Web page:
The rate of ore added was upped considerably from the previous smelt in the Fall.  We doubled up on ore per bucket of charcoal from the very beginning and quickly moved to 4, 5 and finally 6 scoops per bucket (a scoop being approximately a third of a kilo).
The original plan was to extract the bloom at 5:00; however, the decision was made to stop when our initial ore supply ran out even though a further supply of ore had been roasted and crushed.
To expand our team's experience levels, Neil let me do the pull.  It was my first time and that didn't go so smoothly. I had no problem finding the bloom, but I was too concerned with trying to leave the smelter intact and had trouble freeing it from the wall around the tuyere and the tap.  Neil took over and it was all good from there.
We had two professional blacksmiths who came to watch, so we had professional hammerers for the consolidation process just like we will have in July.  They nearly destroyed the stump, but they got the bloom nicely compacted.
Several reheatings were necessary to bring it back up to temperature, but they did manage to split the bloom.
Total weight 5.5 lbs -- a low yield, but we were working with a new ore.  I haven't heard any results from a spark test, but it looked like a nice soft iron.
When the smelter was pulled apart, the residual slag was very light and lacy.  Only a few small pieces reacted to the magnet indicating the presence of iron. 

Commentary on Ore Volumes - by Neil Peterson

The measured Kg says 20.451 but I know Rob forgot to write one tick down, because I asked him, and then he went back and added it.  I forgot one because of a question, then went back and added it.  So I feel nervous that that number is light.
80 scoops at 346g = 27.68Kg but I noticed that the scoops weren't always "full, level".
Thus I would say we had at least 20.451 and at most 27.68 for a yield between 9.6% and 13%.
My memory also says that we had measured out 12 or 13 Kg before I got to the point where I could weigh the bucket (11 more kg).  Thus my memory puts the minimum possible ore at 23 or 24 Kg.
Interior of the furnace, before the sand / ash packing was put in place. Visitors take care! Called to work as charcoal monkies. Halfway through the main sequence. Neil checks for obstructions down the view port, Richard loads charcoal. First slag tap, hot running 'happy slag'.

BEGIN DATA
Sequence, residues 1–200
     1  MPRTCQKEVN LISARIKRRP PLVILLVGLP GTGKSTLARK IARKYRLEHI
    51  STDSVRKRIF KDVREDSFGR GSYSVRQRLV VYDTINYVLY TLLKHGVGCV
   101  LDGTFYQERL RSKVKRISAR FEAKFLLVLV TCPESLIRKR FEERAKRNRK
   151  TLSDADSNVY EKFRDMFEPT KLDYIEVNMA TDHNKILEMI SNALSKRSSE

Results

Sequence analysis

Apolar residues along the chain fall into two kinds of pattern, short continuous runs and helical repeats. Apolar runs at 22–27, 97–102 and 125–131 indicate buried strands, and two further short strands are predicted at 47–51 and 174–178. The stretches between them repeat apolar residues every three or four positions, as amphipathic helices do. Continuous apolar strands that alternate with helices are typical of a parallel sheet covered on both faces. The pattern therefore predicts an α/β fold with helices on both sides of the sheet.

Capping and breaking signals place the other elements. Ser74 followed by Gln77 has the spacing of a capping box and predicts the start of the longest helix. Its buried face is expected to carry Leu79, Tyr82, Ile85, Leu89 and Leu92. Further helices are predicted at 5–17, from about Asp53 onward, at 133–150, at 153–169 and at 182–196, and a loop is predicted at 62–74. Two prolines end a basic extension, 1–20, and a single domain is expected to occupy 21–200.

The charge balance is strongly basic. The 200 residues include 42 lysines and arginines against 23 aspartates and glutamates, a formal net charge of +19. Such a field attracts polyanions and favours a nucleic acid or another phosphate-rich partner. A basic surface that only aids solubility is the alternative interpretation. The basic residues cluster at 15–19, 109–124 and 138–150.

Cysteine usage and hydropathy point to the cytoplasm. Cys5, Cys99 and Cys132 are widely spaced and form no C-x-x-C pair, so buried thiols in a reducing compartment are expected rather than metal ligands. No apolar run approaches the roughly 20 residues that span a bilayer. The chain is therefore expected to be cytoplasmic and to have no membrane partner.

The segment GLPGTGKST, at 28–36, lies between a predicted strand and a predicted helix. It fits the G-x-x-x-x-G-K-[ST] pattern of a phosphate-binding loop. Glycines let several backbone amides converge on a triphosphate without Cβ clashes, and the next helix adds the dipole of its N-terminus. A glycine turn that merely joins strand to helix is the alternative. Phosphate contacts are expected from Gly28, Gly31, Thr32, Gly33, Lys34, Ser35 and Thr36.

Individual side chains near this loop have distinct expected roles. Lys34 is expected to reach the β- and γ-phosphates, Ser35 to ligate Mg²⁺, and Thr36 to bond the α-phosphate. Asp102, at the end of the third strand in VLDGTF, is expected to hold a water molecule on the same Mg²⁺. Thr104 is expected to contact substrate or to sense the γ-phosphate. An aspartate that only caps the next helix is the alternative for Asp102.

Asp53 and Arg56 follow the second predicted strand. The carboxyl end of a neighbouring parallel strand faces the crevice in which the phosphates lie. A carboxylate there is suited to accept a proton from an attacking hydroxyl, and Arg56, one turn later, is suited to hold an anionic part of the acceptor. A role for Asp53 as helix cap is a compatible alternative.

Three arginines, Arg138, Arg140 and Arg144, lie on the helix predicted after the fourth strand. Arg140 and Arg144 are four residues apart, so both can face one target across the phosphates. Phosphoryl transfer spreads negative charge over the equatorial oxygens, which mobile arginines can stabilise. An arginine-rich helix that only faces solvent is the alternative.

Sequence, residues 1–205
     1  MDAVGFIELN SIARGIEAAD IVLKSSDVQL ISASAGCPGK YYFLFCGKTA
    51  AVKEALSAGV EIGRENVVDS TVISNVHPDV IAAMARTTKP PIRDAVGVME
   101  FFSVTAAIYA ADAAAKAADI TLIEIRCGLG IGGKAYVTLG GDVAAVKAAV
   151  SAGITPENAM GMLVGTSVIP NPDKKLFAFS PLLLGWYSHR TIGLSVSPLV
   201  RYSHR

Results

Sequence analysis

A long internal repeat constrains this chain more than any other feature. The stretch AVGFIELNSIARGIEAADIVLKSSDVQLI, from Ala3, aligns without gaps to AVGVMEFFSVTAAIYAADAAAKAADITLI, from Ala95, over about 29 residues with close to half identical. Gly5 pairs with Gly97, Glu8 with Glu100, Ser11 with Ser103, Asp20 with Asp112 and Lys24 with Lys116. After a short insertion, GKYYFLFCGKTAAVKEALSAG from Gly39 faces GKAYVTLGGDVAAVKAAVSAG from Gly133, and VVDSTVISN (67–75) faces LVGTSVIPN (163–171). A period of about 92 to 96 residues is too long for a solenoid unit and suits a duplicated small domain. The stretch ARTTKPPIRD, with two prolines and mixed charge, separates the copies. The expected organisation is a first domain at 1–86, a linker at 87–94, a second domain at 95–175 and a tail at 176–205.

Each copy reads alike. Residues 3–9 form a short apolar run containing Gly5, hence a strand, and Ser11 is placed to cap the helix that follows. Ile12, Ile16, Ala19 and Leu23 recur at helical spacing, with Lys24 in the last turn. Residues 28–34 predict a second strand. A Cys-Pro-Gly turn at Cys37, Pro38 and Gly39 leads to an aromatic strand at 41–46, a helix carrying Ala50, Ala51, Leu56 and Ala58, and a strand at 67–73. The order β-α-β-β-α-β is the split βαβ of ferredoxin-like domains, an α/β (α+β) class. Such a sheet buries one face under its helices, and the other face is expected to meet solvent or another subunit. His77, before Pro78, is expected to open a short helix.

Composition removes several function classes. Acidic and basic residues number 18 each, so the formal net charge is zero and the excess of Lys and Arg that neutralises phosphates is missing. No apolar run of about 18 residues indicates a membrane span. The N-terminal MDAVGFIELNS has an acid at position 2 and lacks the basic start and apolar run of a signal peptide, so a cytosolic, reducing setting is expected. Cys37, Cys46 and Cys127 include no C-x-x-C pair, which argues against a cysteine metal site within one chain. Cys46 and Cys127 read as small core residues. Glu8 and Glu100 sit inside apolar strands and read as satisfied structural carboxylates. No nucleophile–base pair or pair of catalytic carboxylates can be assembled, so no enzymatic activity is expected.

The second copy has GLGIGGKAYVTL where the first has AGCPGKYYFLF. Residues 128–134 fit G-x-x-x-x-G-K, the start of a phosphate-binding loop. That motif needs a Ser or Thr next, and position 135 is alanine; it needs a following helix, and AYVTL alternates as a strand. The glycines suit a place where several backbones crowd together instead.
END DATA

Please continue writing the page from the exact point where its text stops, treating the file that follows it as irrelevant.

Second slag tap, note sheet of material. Removing the outer sheet metal form. Pulling off the top layer of fire brick. Scooping out the remaining (burning) charcoal to expose the slag lake.
Richard probes to try to locate the bloom mass. Neil reaches down to extract. First consolidation heat strikes off loose 'mother'. Second consolidation heat, note reduction in size as bloom is compacted.
Fourth re-heat, cutting the bloom in two. (Marcus on the axe.) Examining the interior surface, just after slicing. Interior of furnace, showing now clogged tuyere and slag bowl.

Overall Totals
Charcoal (as graded) - 48 kg
Ore - as average scoops - 29 kg
- as total weight - 24 kg
Time (main sequence) - 4:45
Bloom - 2.65 kg
Yield (estimate only) 10 %

The Smelt Sequence Data is available as a separate table.

The bloom produced was compacted considerably farther than our average (important in terms of yield comparisons). At time of extraction, the mass was considerably more spongy than for past smelts. Due to good hammer work by two visiting professional farriers, the bloom was compacted down to roughly the size of a pound of butter, then cleanly sliced into two rectangular slabs. On spark testing, the interior metal was found to be almost completely carbon free. This agrees with the striker's impression that this was soft forgeable iron.

The furnace itself was a well proven design, and although the working team was a bit lacking in self directed experience, the method followed was one developed through considerable past (successful) experience. Taken together, this certainly suggests the low yield was the result of the quality of the untested ore used for the smelt.

On further reflection, discussion and suggestion from outside observers, the team has decided to use our DD 1 (red oxide) analog. The primary advantage here is that this material is easily commercially available. DARC's analog also is a proven method to work with a material which often presents difficulties to other experimenters.

Text and photography © 2011,
Individual contributers as indicated

Additional Photographs (green box) by Vandy Simpson